We Still Answer The Call

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“I pay your salary”
“You’re a f***ing pig!”
“You’re on a power trip, trying to play God”
“You’re ruining my life”

As an Officer, this is what they hear every day. People beg and plead for them to get there quickly when they are in crisis and then demonize them when they start to do their job.

Officers are beaten, dragged, choked, shot, stabbed, doused with water, set on fire, spit on, and there’s always somebody recording the reaction and screaming about police brutality. The cherry on top? There are always witnesses just sitting by and watching it happen, sometimes even lying about what occurred.

An Officer doesn’t fully realize the job they’re signing up for and the real job description. What they thought it was: Helping people and saving lives. What that actually looks like: Holding dying babies, comforting victims of domestic violence, saving drowning victims, helping people flee from burning buildings, pleading with suicidal subjects, informing family members of fatalities, pulling mangled bodies from vehicles, etc. More specifically, helping a young girl hold her jaw that her boyfriend just broke, while waiting on EMS to arrive. Letting a mother cling to them when she discovered her dead son in his bedroom. Comforting a husband who found his wife hanging from a rope on a tree outside their window. Performing CPR when they know there isn’t a chance. Finding a shoe after a fatality accident with a foot still inside. Picking up shell casings out of a pool of blood from a drive-by shooting. And all this, right before a call about neighbor disputes and noise complaints. It’s impossible for a new Officer to ever fully grasp the amount and extent of trauma they’ll be exposed to.

It’s so easy for people to criticize and claim they could do better, all while propping their feet up and scrolling through Facebook. In the same breath commenting about how triggered they are by certain words and living lives they can barely handle without medication. These are the same types of people who are free from the consequences and damage that their words cause to our society.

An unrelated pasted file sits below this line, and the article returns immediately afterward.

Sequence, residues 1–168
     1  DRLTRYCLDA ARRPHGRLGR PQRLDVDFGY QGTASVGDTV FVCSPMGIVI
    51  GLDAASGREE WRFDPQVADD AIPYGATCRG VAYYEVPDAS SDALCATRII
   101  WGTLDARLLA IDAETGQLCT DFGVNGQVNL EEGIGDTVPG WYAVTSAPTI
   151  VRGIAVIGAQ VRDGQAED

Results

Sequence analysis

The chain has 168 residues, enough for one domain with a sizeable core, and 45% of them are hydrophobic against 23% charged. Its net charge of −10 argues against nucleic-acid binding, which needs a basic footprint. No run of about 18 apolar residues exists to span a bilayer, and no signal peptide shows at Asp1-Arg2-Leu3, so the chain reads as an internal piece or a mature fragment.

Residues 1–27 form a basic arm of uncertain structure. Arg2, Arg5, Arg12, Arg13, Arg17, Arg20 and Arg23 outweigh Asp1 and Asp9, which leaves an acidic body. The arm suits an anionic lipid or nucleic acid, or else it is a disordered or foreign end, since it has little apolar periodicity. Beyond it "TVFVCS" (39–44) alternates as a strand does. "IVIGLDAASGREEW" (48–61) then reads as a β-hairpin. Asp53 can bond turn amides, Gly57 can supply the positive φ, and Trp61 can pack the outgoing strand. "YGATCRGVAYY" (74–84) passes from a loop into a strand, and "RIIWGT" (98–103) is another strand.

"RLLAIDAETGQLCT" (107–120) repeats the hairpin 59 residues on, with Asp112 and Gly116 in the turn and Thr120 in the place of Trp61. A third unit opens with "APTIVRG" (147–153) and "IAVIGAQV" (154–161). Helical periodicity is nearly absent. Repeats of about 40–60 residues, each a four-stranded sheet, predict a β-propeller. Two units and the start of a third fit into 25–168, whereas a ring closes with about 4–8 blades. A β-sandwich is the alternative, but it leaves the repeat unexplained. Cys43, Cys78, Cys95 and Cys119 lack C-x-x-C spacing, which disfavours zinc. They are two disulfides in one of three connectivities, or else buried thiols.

Nobody would do this job for a power trip, no one does this job to play God. In reality, Officers are left grappling with the aftermath of these calls, unable to process what they see until later due to having to move on to the next crisis. And even then, are they effectively able to decompress when they have a chance? The LEO suicide rate tells a different story. What the general public fails to realize is that after every incident that makes the 24-hour news cycle, those Officers involved most likely work the next day too. Day after day after day.

A bad apple, or a bad day doesn’t define most any other profession. And yet, one day can define not only someone’s entire career, but their entire lives thereafter; One bad call, one bad decision whether by fear or anger or just bad judgement in general. Can you imagine the fear and dread that comes with a career where 20+ years of dedicated public service can be eliminated, and your name tarnished forever over one YouTube video? Through all this, living in constant fear that the department who should have your back will be the first to throw you to the wolves.

There is minimal respect for cops because there is no longer respect for human kind. You can say and do whatever pops into your head without even considering the damage it causes to others. And in this electronic age, the loudest and most disrespectful people get a majority of the attention. The bad behavior of others perpetuates the problem we are continually seeing in our country.

However, this is the beauty of it all. No matter who you are, what you stand for, or what you’ve done to them, Officers will always answer the call. Even though the burden is great, and the scars remain visible, Officers can and do expect the best from each other and hold one another accountable for mistakes and fatal errors, despite popular opinion. They are heroes, they are not superheroes. They’re still human, they make mistakes, they have regrets, but most take responsibility for their errors and move on and learn from them. The challenge for them is overcoming all the prejudice, surviving the verbal, mental, and physical beatings, and somehow coming out of the job as a functional human being. The challenge is learning how to walk through fire and not get burned, but instead becoming refined. It’s not easy, but that’s why it’s so much more than just a career choice, it’s a calling.